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Testing Waters for “Transition Plan,” OPWDD to Assess Community-based Residences

Testing Waters for “Transition Plan,” OPWDD to Assess Community-based Residences

Five-year Plan Reflects Across-the-board Seismic Shift to “Person-centered” Supports

Nov. 7, '14
By Mendy Hecht, Hamaspik Gazette

By March 2019, if all goes according to plan, New York State’s services and supports for individuals with intellectual disabilities will look vastly different than they do today.

A 13-page memo released in late October by the New York State Office for People With Developmental Disabilities (OPWDD), the state agency with which Hamaspik partners to serve the disability community, outlines and specifies the changes partner non-profits will be expected to gradually implement as the OPWDD rolls out its Transition Plan.

The Transition Plan, in turn, is the OPWDD’s long-term adoption of new federal guidelines, plus several of its own, that will reshape the agency—and its non-profit partners—into not only providing services and supports differently, but approaching the very field of disability services differently.

This collective change of regulations, and the change of philosophy behind it, is centered on the “person-centered” approach being espoused by the federal Centers for Medicare and Medicaid Services (CMS). The CMS has been working with the OPWDD in recent months and years to streamline the state agency’s internal overhaul, with several OPWDD changes—including the gradual adoption of the person-centered approach—part of the state-federal partnership.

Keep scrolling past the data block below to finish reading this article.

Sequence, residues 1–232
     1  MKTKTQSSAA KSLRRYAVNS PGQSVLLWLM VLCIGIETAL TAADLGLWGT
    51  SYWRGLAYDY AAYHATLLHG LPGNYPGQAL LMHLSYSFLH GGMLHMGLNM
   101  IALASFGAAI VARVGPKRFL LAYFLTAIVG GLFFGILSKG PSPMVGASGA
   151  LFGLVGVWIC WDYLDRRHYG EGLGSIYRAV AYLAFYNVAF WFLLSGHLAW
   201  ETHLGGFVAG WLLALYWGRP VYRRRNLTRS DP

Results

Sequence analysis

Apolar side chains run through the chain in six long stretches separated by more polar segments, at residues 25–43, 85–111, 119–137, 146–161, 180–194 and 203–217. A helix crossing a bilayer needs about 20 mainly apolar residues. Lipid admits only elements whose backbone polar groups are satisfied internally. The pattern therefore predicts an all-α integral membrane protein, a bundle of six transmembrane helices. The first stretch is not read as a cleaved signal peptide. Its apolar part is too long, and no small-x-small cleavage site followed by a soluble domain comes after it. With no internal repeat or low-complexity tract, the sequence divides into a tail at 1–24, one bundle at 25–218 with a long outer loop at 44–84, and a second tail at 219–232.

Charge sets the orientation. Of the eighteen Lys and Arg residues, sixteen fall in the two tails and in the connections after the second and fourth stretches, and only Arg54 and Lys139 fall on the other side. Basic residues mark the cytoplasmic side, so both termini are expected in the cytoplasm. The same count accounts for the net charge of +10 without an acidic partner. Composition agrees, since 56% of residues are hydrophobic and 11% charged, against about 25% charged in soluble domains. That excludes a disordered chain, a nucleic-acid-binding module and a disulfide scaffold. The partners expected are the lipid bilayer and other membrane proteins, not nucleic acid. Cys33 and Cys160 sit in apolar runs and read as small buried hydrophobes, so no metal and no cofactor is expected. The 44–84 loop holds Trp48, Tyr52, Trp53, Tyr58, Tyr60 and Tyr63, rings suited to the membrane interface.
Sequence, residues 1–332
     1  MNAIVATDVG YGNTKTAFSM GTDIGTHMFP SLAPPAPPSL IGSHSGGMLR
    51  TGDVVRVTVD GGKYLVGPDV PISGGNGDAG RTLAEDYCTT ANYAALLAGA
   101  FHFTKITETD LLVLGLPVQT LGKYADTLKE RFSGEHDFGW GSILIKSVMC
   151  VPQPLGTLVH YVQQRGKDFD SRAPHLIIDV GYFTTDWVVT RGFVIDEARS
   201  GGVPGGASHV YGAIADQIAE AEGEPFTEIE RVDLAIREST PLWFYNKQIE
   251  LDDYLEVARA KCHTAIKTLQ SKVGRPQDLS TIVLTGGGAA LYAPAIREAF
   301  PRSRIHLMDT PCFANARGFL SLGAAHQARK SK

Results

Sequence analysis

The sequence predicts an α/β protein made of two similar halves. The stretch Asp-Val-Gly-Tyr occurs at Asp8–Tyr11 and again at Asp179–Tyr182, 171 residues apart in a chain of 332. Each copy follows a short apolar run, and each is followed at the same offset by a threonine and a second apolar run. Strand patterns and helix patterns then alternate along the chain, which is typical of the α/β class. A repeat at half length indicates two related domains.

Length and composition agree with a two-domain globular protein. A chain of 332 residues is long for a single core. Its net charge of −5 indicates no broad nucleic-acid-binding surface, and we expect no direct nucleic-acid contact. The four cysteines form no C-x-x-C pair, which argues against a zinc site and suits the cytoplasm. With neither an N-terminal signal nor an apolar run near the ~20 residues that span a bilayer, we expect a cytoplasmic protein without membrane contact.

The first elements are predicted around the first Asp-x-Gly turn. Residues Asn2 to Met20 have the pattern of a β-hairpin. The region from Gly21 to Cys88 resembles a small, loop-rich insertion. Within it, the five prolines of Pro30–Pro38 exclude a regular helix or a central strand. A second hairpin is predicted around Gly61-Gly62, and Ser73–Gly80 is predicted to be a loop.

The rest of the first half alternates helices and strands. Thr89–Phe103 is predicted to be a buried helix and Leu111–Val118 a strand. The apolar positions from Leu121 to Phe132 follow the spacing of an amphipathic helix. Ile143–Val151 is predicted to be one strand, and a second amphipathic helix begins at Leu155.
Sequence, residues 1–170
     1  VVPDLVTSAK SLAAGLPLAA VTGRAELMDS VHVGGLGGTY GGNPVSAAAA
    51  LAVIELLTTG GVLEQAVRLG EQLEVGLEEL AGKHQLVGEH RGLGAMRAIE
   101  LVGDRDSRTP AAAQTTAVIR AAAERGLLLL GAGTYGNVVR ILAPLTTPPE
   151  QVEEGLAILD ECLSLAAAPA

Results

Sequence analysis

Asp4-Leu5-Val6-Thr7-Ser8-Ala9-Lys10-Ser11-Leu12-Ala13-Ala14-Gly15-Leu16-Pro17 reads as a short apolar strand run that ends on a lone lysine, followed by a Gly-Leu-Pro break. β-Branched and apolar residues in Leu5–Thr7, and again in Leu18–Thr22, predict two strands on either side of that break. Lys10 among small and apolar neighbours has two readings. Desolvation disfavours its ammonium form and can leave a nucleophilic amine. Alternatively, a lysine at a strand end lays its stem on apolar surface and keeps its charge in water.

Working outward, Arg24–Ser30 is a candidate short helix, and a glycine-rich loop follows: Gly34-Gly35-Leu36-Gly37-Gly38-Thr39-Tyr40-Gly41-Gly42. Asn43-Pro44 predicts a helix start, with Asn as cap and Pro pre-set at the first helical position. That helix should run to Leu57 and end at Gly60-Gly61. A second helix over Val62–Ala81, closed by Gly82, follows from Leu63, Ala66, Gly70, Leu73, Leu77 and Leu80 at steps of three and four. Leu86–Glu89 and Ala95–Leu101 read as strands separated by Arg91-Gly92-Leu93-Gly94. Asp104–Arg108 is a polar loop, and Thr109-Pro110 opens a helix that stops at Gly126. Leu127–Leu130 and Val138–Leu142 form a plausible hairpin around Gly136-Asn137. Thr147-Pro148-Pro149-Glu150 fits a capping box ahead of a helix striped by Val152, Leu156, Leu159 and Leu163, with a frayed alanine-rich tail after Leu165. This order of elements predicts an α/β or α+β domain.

Under the person-centered philosophy driving these changes, residences for individuals with disabilities under the OPWDD—including the Individualized Residential Alternative (IRA) group homes providing private residences that are the backbone of Hamaspik’s disability residential services—will see such diverse innovation as allowing full access to kitchens and food storage at any time, residents hosting visitors as they please, and individuals with disabilities having a say on where they live, and with whom.

Person-centered changes outside residences will include allowing individuals on group outings to participate in concerts or other public events in a less-grouped, more free-roaming manner so as to not create the appearance of segregation.

As of November 1, the OPWDD began collecting information on current disability residential operations across the state to create a “baseline” on which to base all said future changes.

At the same time, according to the memo, OPWDD provider agencies are to begin planning to implement person-centered changes in a number of areas, including informed individual choice, personal decision-making and the “dignity of risk,” or taking actions that may lead to undesirable yet harmless outcomes.

Full compliance with the new person-centered regulation is expected to be in place by March 2019 across the entire OPWDD.